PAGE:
Local Press: UAE’s first marine bridge will change commerce in region and beyond


ABU DHABI, 9th January, 2023 (WAM) — The UAE’s first marine bridge, once operational, will connect Abu Dhabi’s Khalifa Port to the emirate’s mainland, with trains carrying freight from the port’s large container facility to key centres across the country and beyond, commented a local newspaper.

“It is little more than a few hundred metres long, but its impact is soon likely to be felt across the Gulf region, spanning thousands of kilometres,” The National said in an editorial on Monday.

The bridge is one of Etihad Rail’s most anticipated projects and Stage 2 of a greater mission to connect the region. It will ensure that goods are transported in a more efficient and sustainable way. For instance, each fully loaded train to cross the bridge will take 300 lorries off the road. The resulting reduction in costs of freight and trade, besides the benefits accrued to the environment, is important, not least for the positive impact, it is expected to have on trade as well as its contribution to the region’s overall economic well-being.

In the longer-term future, it will also elevate the status of Khalifa Port as a global trade hub.

“Over the past two years, much of the public gaze has fallen on the progress being made on Etihad Rail’s UAE-wide passenger rail route. This is understandable: ferrying 36.5 million people by 2030 across the breadth of the country, which is one of the targets that the project has set out to achieve, will be no small accomplishment,” the paper noted.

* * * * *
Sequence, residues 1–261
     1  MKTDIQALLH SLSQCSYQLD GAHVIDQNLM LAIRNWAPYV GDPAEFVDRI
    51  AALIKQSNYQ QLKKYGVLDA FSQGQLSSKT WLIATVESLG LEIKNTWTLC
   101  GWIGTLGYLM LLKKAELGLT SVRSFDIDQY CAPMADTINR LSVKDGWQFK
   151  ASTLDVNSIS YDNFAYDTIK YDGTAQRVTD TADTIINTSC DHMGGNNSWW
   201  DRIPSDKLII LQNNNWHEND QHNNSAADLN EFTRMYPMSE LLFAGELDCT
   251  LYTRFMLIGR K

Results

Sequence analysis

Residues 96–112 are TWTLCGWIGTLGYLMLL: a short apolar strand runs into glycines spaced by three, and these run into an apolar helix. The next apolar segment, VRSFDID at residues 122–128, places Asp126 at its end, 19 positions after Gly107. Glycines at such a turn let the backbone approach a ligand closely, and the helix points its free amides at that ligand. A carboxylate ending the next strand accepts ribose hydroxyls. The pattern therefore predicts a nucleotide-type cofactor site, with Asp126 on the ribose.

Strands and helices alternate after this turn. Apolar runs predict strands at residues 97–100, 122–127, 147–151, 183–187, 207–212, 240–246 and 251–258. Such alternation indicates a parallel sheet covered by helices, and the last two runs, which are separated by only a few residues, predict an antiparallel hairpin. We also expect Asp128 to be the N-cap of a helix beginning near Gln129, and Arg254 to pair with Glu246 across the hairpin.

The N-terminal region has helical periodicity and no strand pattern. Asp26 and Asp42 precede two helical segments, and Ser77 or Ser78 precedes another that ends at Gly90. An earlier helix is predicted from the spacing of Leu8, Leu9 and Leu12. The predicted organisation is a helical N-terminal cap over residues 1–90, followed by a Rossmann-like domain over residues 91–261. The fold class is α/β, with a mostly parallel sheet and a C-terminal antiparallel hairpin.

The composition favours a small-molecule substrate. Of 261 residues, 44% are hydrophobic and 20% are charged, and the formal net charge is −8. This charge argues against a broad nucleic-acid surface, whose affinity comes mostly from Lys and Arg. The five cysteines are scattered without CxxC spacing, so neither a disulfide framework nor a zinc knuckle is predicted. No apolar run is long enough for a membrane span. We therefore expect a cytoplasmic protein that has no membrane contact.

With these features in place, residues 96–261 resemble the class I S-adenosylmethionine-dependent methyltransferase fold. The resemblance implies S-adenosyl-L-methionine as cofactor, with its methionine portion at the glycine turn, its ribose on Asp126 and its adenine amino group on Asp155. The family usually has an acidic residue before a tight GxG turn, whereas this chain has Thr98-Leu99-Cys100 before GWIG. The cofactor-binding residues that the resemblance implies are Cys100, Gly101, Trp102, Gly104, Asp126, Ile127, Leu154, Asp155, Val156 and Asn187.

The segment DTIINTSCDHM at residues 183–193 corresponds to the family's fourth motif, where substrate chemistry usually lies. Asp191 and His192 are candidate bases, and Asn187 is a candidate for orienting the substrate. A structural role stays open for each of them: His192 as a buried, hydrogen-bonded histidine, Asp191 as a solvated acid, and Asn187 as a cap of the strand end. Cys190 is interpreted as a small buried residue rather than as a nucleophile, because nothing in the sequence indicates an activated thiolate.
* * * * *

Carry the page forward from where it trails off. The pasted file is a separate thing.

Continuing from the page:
However, it bears reminding that just as strategically important for the UAE is the ability to move freight rapidly across the country and, one day, to other countries in the Gulf. This aspect of Stage 2 is, in a sense, a natural extension of Stage 1 of the project: the construction of a 264-kilometre line for the purpose of transporting granulated sulphur from gasfields in Shah and Habshan to an export point in Ruwais every day.

It continued, “But Stage 2, of a much wider scale, is decidedly more complex. The construction of the bridge, in particular, involved more than 300 workers, spanned a million manpower hours, and required sheer engineering ingenuity. The project, which was completed last October before, The National was granted exclusive access to it, had to consider the minutest of details, including protecting the marine environment during the year-long construction.

“The completion of the bridge comes at a significant time, particularly as Gulf economies, including that of the UAE, are predicted to make a strong recovery from the Covid-19 pandemic in an otherwise challenging year for much of the rest of the world.”

According to a report published by the UN Economic and Social Commission for Western Asia, the gross domestic product of 22 Arab countries is forecast to grow an average 4.5 percent in 2023. GCC countries, the report added, are expected to grow at their fastest pace since 2014, expanding 4.6 percent this year.

“The Etihad Rail network, of which the marine bridge is an integral part, and similar infrastructure projects, will only serve to support these diversification efforts already underway in the UAE and its immediate neighbourhood,” the Abu Dhabi-based daily concluded.

Rola AlGhoul/ Esraa Esmail